Will the Stigma Against Single Mothers in India Ever End?
Single mothers in India still have a long way to go in terms of social acceptance, writes Sreemoyee Kundu.
We lived in our maternal grandparent’s home in Kolkata, where my mother returned as a young widow accompanied by a toddler. Throughout my childhood, I lied about my father’s identity.
I wanted to pre-empt consistent questions about who he was and what he did, an invasive inquisitiveness that I saw my mother battling as well. We were treated as social outcasts, like when we were not invited to my cousin’s haldi ceremonies or a child’s naam karn.
A lot has changed in India for single mothers over the past couple of years. Many unmarried women are now adopting, buying sperm from donors, and having children out of wedlock. Similarly, the number of divorced women with kids is also increasing.
While the Delhi High Court order is a positive step towards gender-neutral parenting laws, in a patriarchal country, can a woman escape social pressure? Will her child not be discriminated against during school admissions, or be traumatised at birthday parties and hobby classes where parenthood equals couple-hood?
Film-maker Anindita Sarbadhicari, an unwed single mother via in-vitro fertilisation (IVF) and sperm donation, admits it is about battling deep-seated misogyny.
I know of a woman who, armed with this judgment, went to the regional passport office in Kolkata saying ‘I don’t want my father’s name since he abandoned my mother’. She was was threatened by the local officer who said,“till I am there in this seat, this won’t happen.” A woman denying a father’s name is questioning patriarchy.
Malini Parmar, 43, living with 11-year-old daughter Tara and 9-year-old Lila, adopted from Orissa, adds:
Both my girls have passports but I had to run around since adopted children constitute a special category and their case was referred to a central office, with a police verification request sent to Orissa that took ages, though they’d been with me for 4 years. Lots of of divorced women use their husband’s name to make life simpler. On e-forms too, I write NA for the father’s name, before getting a response addressed to Mr NA – the father’s name being a culturally conditioned mindset.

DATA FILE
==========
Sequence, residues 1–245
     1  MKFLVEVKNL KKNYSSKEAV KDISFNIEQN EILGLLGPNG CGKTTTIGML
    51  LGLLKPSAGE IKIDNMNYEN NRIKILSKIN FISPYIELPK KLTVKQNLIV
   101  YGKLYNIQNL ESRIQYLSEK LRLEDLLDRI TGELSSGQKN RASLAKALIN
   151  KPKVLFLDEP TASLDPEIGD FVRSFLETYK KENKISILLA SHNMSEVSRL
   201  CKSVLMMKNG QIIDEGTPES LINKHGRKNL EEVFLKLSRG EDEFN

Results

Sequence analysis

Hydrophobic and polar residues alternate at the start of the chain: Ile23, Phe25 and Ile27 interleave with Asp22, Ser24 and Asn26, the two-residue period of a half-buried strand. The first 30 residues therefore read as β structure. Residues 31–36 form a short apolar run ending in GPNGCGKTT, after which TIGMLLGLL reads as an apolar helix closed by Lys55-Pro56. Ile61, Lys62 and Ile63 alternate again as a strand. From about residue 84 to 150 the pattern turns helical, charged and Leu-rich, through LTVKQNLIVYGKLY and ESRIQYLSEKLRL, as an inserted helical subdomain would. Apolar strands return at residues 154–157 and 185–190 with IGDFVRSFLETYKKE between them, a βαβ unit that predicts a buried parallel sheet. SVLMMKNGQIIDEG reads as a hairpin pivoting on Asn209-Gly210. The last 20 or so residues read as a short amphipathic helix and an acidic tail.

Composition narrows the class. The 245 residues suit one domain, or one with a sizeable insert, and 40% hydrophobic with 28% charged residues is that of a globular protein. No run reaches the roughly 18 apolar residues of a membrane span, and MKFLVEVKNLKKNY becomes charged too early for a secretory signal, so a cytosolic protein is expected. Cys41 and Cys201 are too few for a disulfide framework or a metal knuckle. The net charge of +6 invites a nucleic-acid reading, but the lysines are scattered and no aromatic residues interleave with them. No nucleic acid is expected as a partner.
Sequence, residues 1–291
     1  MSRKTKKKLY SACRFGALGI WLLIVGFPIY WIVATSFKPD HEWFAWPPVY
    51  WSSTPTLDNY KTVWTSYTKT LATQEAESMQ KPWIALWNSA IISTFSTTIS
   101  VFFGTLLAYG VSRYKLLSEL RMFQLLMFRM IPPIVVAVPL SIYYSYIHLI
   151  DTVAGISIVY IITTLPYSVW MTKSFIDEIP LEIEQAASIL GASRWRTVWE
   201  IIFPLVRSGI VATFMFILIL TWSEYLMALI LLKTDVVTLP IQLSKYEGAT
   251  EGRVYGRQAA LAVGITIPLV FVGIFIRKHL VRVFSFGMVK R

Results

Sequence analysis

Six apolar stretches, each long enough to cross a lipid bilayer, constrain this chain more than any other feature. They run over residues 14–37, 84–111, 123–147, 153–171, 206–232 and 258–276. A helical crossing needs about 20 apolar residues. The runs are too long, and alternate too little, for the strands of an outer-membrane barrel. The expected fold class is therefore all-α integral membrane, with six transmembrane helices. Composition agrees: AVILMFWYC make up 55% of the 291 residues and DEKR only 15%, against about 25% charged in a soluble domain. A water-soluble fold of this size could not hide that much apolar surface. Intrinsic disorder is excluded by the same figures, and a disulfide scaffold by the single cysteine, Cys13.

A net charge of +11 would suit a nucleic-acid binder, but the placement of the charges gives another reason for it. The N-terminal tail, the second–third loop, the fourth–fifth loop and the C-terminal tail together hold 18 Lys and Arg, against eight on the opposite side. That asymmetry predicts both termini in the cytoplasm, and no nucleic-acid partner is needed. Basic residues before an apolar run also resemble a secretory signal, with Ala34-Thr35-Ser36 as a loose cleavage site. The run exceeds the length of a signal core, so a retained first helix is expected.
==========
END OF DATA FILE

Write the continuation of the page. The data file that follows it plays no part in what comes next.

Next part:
Even men seem to agree that despite progressive legislation, the societal framework is rigid and they too battle stereotypes.
Last year, the Supreme Court ruled an unwed mother can be appointed as the sole legal guardian of her child minus the father’s consent. But, implementation is not easy. And while guardianship is mostly associated with men, sometimes after a divorce, even if a dad is involved in co-parenting and paying for the child’s upkeep – the estranged wife maligns his reputation. What about single dads? Some women abandon their kids or if a man adopts? Must he also fill in the mother’s name? The male voice is underrepresented, due to this gender stereotyping.Anubhav Poddar, a divorcee with a teenage son.
Where popular culture makes ‘baap ka naam,’ a necessity, actor Ekavali Khanna, single mom of two sons, says:
I didn’t change my name and even now on holidays my sons are asked, ‘beta Papa saath nahin aaye?’ and they say we are not together. As an only daughter, I’ve heard, ‘bhai behen nahin hain?’, so the mental conditioning needs to be challenged.
‘Even adoption agencies eye you suspiciously, so the reverse is also true, though the male psyche is under-represented,’ claims 39-year-old IT professional Somnath Deb, who contemplated adoption.
The idea of a single man adopting is outlandish to the Indian psyche with adoption laws being stricter. According to the Hindu Adoptions and Maintenance Act, 1956, ‘Any male Hindu of sound mind and is not a minor has the capacity to take a son or a daughter in adoption, ‘provided’ that, if he has a wife living, he won’t adopt except with the consent of his wife unless she has completely and finally renounced the world or has ceased to be a Hindu or is declared by a court of competent jurisdiction to be of unsound mind.
As the single population rises, whether in a Court ruling or as a larger social change – who will win the battle of the sexes?
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